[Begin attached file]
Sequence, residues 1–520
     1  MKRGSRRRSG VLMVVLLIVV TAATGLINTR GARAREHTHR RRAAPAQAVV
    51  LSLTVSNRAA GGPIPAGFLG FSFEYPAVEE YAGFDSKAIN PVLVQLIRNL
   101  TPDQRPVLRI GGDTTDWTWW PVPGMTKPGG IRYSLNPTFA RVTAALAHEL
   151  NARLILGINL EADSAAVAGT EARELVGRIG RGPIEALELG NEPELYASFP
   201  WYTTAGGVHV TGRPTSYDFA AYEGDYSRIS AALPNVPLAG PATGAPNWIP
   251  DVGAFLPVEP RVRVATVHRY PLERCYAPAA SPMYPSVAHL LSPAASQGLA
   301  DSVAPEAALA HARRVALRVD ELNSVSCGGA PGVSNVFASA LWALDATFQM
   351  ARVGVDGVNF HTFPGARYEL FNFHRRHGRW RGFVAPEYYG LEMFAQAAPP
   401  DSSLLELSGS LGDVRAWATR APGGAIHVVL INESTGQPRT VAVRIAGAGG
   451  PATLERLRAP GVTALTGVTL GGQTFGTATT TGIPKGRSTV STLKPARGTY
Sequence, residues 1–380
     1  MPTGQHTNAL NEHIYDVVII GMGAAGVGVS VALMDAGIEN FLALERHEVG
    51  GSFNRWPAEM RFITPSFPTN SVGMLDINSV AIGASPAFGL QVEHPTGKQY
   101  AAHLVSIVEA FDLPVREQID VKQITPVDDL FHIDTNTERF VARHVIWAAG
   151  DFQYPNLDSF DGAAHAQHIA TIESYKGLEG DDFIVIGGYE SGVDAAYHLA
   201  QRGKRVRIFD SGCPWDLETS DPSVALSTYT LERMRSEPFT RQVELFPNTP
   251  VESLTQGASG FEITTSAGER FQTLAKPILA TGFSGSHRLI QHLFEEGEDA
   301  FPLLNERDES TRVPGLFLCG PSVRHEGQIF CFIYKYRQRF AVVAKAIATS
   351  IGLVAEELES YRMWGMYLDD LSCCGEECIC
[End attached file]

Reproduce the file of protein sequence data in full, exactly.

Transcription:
Sequence, residues 1–520
     1  MKRGSRRRSG VLMVVLLIVV TAATGLINTR GARAREHTHR RRAAPAQAVV
    51  LSLTVSNRAA GGPIPAGFLG FSFEYPAVEE YAGFDSKAIN PVLVQLIRNL
   101  TPDQRPVLRI GGDTTDWTWW PVPGMTKPGG IRYSLNPTFA RVTAALAHEL
   151  NARLILGINL EADSAAVAGT EARELVGRIG RGPIEALELG NEPELYASFP
   201  WYTTAGGVHV TGRPTSYDFA AYEGDYSRIS AALPNVPLAG PATGAPNWIP
   251  DVGAFLPVEP RVRVATVHRY PLERCYAPAA SPMYPSVAHL LSPAASQGLA
   301  DSVAPEAALA HARRVALRVD ELNSVSCGGA PGVSNVFASA LWALDATFQM
   351  ARVGVDGVNF HTFPGARYEL FNFHRRHGRW RGFVAPEYYG LEMFAQAAPP
   401  DSSLLELSGS LGDVRAWATR APGGAIHVVL INESTGQPRT VAVRIAGAGG
   451  PATLERLRAP GVTALTGVTL GGQTFGTATT TGIPKGRSTV STLKPARGTY
Sequence, residues 1–380
     1  MPTGQHTNAL NEHIYDVVII GMGAAGVGVS VALMDAGIEN FLALERHEVG
    51  GSFNRWPAEM RFITPSFPTN SVGMLDINSV AIGASPAFGL QVEHPTGKQY
   101  AAHLVSIVEA FDLPVREQID VKQITPVDDL FHIDTNTERF VARHVIWAAG
   151  DFQYPNLDSF DGAAHAQHIA TIESYKGLEG DDFIVIGGYE SGVDAAYHLA
   201  QRGKRVRIFD SGCPWDLETS DPSVALSTYT LERMRSEPFT RQVELFPNTP
   251  VESLTQGASG FEITTSAGER FQTLAKPILA TGFSGSHRLI QHLFEEGEDA
   301  FPLLNERDES TRVPGLFLCG PSVRHEGQIF CFIYKYRQRF AVVAKAIATS
   351  IGLVAEELES YRMWGMYLDD LSCCGEECIC